Mercury-induced cognitive impairment in metallothionein-1/2 null mice.

Journal Article (Journal Article)

Metallothioneins are central for the metabolism and detoxification of transition metals. Exposure to mercury during early neurodevelopment is associated with neurocognitive impairment. Given the importance of metallothioneins in mercury detoxification, metallothioneins may be a protective factor against mercury-induced neurocognitive impairment. Deletion of the murine metallothionein-1 and metallothionein-2 genes causes choice accuracy impairments in the 8-arm radial maze. We hypothesize that deletions of metallothioneins genes will make metallothionein-null mice more vulnerable to mercury-induced cognitive impairment. We tested this hypothesis by exposing MT1/MT2-null and wild-type mice to developmental mercury (HgCl(2)) and evaluated the resultant effects on cognitive performance on the 8-arm radial maze. During the early phase of learning metallothionein-null mice were more susceptible to mercury-induced impairment compared to wildtype mice. Neurochemical analysis of the frontal cortex revealed that serotonin levels were higher in metallothionein-null mice compared to wild-type mice. This effect was independent of mercury exposure. However, dopamine levels in mercury-exposed metallothionein-null mice were lower compared to mercury-exposed wild-type mice. This work shows that deleting metallothioneins increase the vulnerability to developmental mercury-induced neurocognitive impairment. Metallothionein effects on monoamine transmitters may be related to this cognitive effect.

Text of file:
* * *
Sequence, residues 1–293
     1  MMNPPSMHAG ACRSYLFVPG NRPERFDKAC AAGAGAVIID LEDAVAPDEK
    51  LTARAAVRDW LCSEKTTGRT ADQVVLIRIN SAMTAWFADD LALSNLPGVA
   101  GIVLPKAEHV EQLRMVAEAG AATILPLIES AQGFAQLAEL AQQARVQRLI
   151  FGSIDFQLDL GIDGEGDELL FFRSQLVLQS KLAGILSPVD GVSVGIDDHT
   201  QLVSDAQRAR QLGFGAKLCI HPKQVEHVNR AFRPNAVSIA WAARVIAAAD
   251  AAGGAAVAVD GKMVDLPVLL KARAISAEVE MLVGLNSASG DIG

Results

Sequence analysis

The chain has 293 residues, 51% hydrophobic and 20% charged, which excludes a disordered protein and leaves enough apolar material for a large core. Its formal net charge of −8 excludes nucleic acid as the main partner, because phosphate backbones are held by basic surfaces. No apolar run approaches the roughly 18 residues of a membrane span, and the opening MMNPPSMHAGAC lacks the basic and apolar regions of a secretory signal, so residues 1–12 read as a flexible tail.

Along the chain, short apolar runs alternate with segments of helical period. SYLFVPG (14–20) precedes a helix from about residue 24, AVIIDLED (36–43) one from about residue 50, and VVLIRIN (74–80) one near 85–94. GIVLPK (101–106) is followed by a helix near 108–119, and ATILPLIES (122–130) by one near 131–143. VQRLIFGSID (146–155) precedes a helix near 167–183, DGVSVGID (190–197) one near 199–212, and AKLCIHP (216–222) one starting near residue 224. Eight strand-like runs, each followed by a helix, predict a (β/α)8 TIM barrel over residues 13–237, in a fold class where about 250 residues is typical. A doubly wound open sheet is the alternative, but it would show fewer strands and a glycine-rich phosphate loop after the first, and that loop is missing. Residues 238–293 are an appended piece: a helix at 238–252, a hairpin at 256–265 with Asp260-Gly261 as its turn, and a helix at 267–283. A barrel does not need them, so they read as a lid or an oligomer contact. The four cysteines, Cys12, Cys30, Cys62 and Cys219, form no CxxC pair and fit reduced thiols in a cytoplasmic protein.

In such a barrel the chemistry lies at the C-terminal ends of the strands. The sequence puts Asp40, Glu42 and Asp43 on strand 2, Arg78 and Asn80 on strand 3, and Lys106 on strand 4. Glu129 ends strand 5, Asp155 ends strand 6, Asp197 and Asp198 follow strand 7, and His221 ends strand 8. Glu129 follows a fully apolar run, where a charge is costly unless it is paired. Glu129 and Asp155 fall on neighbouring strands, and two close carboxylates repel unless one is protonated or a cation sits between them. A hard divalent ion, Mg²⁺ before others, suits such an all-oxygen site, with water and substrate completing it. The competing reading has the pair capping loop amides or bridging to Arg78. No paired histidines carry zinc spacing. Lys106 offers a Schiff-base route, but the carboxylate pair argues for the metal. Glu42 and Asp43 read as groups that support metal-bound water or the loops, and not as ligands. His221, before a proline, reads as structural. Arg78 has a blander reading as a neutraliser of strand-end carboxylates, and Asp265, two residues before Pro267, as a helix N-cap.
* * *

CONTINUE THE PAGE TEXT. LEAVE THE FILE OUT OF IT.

Full Text

Duke Authors

Cited Authors

  • Eddins, D; Petro, A; Pollard, N; Freedman, JH; Levin, ED

Published Date

  • 2008

Published In

Volume / Issue

  • 30 / 2

Start / End Page

  • 88 - 95

PubMed ID

  • 18226494

Pubmed Central ID

  • PMC2694566

International Standard Serial Number (ISSN)

  • 0892-0362

Digital Object Identifier (DOI)

  • 10.1016/


  • eng

Conference Location

  • United States